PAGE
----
Christopher Abbott and Cynthia Nixon are indelible as a Manhattan slacker careening out of control and his mother battling cancer in Josh Mond’s intensely immersive first feature.
Screened as part of NZIFF 2015
We regret that we are obliged to cancel all but the August 7 screening of James White. The film’s sales agent failed to take prior obligations into account when confirming the film’s participation at NZIFF. If you have already purchased tickets for the film, our team will be in touch regarding your refund.
Best known by mainstream audiences for his recurring role in the HBO sitcom Girls, gifted newcomer Christopher Abbott obliterates any and all prior associations in James White, a jagged, painfully intimate portrayal of a young man perpetually perched on the brink of emotional freefall. Reeling from the recent loss of his father, while his mother (played with bracing commitment by Cynthia Nixon) battles cancer, Abbott externalises the title character’s psychological tumult with a remarkable sensitivity, oscillating between volatile resentment and genuine tenderness as his mother’s condition worsens. With a palpable grasp on his lead character’s interiority, first-time filmmaker Josh Mond keeps us immersed in White’s psyche, hugging every expression in tight close-ups, often to the point of expressive abstraction. It’s a striking, deeply personal work, dealing almost exclusively in raw and unwavering intimacy. The profoundly moving effect won’t soon be forgotten. — JF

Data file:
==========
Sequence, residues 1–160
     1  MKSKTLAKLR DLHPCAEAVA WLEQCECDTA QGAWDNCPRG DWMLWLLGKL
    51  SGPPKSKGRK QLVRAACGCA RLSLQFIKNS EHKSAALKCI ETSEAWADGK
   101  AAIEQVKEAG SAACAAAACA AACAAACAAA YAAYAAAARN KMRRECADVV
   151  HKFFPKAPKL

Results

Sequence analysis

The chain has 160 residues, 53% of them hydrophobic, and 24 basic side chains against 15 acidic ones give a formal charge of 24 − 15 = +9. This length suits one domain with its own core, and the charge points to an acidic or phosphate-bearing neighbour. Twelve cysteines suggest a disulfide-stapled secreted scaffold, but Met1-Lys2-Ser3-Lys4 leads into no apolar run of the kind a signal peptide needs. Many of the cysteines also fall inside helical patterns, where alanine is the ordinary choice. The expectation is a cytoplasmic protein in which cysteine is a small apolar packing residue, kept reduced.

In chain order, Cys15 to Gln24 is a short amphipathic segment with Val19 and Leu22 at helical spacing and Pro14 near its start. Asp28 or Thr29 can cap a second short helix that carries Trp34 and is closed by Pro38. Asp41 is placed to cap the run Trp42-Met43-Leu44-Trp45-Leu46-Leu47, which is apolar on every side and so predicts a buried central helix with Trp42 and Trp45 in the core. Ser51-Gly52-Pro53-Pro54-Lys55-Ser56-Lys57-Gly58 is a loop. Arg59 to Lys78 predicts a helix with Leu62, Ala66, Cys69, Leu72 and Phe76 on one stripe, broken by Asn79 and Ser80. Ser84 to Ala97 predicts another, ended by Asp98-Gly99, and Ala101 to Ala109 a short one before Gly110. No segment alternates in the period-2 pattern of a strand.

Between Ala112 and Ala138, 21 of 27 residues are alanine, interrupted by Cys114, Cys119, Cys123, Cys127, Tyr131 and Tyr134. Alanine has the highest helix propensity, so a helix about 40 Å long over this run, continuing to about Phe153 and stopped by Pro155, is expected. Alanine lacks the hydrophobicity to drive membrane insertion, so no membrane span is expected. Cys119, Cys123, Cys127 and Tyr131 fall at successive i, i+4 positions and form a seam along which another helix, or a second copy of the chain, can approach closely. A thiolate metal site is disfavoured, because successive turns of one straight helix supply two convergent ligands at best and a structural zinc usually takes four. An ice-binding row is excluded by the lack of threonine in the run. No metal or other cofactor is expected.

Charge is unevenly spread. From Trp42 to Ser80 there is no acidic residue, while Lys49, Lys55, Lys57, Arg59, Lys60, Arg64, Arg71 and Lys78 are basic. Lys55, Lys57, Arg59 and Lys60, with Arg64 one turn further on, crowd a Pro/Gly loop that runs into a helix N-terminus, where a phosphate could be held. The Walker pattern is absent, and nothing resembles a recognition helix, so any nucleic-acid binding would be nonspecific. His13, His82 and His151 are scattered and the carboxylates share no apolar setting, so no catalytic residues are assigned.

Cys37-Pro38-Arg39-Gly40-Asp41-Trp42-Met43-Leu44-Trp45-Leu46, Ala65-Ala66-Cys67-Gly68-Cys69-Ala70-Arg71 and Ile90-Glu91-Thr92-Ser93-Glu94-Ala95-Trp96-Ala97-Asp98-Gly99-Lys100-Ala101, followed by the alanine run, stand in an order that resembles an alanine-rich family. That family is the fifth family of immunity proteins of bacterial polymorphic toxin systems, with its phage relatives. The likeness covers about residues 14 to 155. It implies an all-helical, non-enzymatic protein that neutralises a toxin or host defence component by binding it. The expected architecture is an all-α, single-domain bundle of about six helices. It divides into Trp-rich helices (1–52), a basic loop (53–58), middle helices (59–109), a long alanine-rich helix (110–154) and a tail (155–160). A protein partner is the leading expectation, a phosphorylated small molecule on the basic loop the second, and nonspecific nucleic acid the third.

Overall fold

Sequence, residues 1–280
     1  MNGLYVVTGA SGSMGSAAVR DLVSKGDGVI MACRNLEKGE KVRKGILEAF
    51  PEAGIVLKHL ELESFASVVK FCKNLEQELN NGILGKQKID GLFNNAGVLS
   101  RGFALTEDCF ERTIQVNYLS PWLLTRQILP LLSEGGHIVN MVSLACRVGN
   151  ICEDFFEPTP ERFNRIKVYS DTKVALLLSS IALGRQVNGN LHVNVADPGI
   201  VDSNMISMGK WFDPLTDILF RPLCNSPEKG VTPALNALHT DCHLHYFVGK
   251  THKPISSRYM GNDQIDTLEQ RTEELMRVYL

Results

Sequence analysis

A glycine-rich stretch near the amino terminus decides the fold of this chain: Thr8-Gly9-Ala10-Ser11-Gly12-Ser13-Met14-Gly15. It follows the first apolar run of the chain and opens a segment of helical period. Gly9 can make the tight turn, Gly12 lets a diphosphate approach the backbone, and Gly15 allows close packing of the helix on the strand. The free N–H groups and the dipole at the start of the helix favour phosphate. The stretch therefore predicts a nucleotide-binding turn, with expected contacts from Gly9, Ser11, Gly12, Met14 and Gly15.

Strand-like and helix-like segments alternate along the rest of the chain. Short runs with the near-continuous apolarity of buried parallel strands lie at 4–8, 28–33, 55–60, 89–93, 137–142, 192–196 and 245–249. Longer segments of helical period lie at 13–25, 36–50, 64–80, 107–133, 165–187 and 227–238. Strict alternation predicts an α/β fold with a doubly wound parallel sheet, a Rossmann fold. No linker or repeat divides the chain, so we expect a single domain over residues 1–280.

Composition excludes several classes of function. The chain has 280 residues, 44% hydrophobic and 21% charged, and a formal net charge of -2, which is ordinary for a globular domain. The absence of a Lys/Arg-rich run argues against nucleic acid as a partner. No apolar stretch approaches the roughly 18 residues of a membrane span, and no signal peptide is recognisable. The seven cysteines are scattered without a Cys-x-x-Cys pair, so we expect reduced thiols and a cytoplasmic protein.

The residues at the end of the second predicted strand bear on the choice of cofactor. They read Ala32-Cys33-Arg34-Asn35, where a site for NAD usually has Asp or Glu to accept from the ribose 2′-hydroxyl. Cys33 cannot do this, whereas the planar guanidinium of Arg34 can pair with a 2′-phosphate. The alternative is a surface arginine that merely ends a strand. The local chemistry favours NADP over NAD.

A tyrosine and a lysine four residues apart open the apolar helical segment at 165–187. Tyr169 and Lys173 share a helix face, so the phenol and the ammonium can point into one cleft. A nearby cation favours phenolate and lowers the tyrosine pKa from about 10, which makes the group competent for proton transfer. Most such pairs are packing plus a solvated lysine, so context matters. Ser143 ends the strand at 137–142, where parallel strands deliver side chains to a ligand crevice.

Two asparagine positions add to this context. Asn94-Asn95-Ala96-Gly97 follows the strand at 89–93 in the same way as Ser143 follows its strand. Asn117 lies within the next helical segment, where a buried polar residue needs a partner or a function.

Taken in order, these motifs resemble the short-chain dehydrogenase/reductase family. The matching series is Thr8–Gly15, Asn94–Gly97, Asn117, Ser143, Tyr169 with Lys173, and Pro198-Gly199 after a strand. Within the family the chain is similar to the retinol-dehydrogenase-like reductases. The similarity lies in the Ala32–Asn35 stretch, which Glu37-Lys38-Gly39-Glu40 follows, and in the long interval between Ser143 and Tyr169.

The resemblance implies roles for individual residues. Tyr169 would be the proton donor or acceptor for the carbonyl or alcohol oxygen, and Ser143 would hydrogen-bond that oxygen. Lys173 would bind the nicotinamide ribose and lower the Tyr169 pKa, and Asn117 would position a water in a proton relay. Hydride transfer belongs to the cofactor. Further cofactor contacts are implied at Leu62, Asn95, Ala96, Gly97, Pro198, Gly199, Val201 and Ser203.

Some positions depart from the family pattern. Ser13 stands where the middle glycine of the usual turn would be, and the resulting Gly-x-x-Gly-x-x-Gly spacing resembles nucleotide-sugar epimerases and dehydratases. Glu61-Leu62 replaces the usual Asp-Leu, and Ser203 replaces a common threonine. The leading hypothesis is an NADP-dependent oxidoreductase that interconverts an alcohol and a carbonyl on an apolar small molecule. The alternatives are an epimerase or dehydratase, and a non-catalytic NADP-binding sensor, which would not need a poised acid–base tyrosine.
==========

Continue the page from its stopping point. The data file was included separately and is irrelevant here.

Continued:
“New York-based Borderline Films have carved out a certain niche of dark, provocative psychological dramas strongly influenced by the work of Austria’s Michael Haneke. By that standard, James White could loosely be considered Mond’s Amour… Familiar in its general trajectory, but unusually raw and ragged in its emotional architecture, Mond’s fraught portrait of a mother and son in crisis sports a pair of knockout performances by Cynthia Nixon and Girls alumni Christopher Abbott, and a vivid feel for wayward New York youths cocooned by upper-middle-class privilege.” — Scott Foundas, Variety
Please note: Return, the short film preceding this feature, has a rating of RP16 (drug use and offensive language).
A young man returns home to Wanganui to discover the difficulty of juggling friends, parents, magic mushrooms and several thousand chickens. Screening with James White.